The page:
Many minor difficulties and misunderstandings have been removed in congregations where the elders were faithful in the execution of their holy office. Long before such problems become ripe for consistorial action, they can be nipped in the bud and thus prevent much unpleasantness and rancor. So often when discipline must be applied, the case in hand defies a happy solution. When at the time of family visitation it becomes apparent that members live at odds with each other, the elders can point to the rule of Matthew 18 before the matter assumes serious proportions. At such a time the lofty ideal of living together as brethren and sisters of the spiritual family of God can be appropriately held up, and with the unfailing help of the Holy Spirit who alone applies the Word effectually stumbling blocks will be removed.

(5) Finally this custom enables the elders to demonstrate in a practical way the spirit of Christian love and helpfulness.

The rule which they bear has been given for the purpose of ministering to each other. Those called to the office should remember the example which our Saviour gave His disciples at the Last Supper, when after the foot-washing He said, “Know ye what I have done to you? Ye call me, Teacher, and Lord: and ye say well; for so I am. If I then, the Lord and the Teacher, have washed your feet, ye also ought to wash one anotherís feet. For I have given you an example, that ye should do as I have done to you. Verily, verily, I say unto you, A servant is not greater than his lord; neither one that is sent than he that sent him. If ye know these things, blessed are ye if ye do them” (John 13:12-17). Striving to fulfill the law so clearly presented here will effectively banish from the minds and hearts of all elders any spirit of censoriousness and self-righteousness. In the discharge of their spiritual functions they will remember to mirror the office of the Savior who Himself was the Great Shepherd of the sheep.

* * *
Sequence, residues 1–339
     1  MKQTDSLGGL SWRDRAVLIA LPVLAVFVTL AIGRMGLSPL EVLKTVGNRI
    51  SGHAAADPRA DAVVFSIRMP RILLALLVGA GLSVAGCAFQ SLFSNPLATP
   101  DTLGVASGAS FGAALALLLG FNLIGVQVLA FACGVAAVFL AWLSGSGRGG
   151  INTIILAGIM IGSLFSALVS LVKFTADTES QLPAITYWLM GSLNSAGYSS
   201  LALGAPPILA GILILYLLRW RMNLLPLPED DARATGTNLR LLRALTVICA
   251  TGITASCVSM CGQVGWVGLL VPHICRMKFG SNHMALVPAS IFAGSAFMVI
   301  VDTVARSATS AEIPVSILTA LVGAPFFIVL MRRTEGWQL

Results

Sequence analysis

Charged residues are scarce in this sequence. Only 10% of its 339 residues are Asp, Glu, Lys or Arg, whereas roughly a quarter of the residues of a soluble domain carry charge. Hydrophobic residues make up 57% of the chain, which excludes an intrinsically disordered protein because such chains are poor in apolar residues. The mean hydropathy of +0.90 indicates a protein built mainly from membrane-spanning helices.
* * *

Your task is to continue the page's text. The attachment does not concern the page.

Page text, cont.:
For the Congregation

Not only do the elders derive much benefit from this work, but the believing church also profits much. They will experience that by means of it they are built up in faith and increased in love.

(1) First of all, as members of the living church they will see more clearly the value of discussing matters pertaining to spiritual life.

In our age, in which leisure is at a premium and the things of the Spirit are constantly clouded over by earthly and material interests, it is so necessary to emphasize this. Many find it difficult to speak to each other about these matters of supreme importance. Not only is there great reluctance to discuss spiritual problems and difficulties which are quite common to all, but most members testify very little to the joy of salvation which should be their portion. We have apparently lost sight of the necessity of edifying one another. This duty we too often leave entirely to the minister when preaching the Word.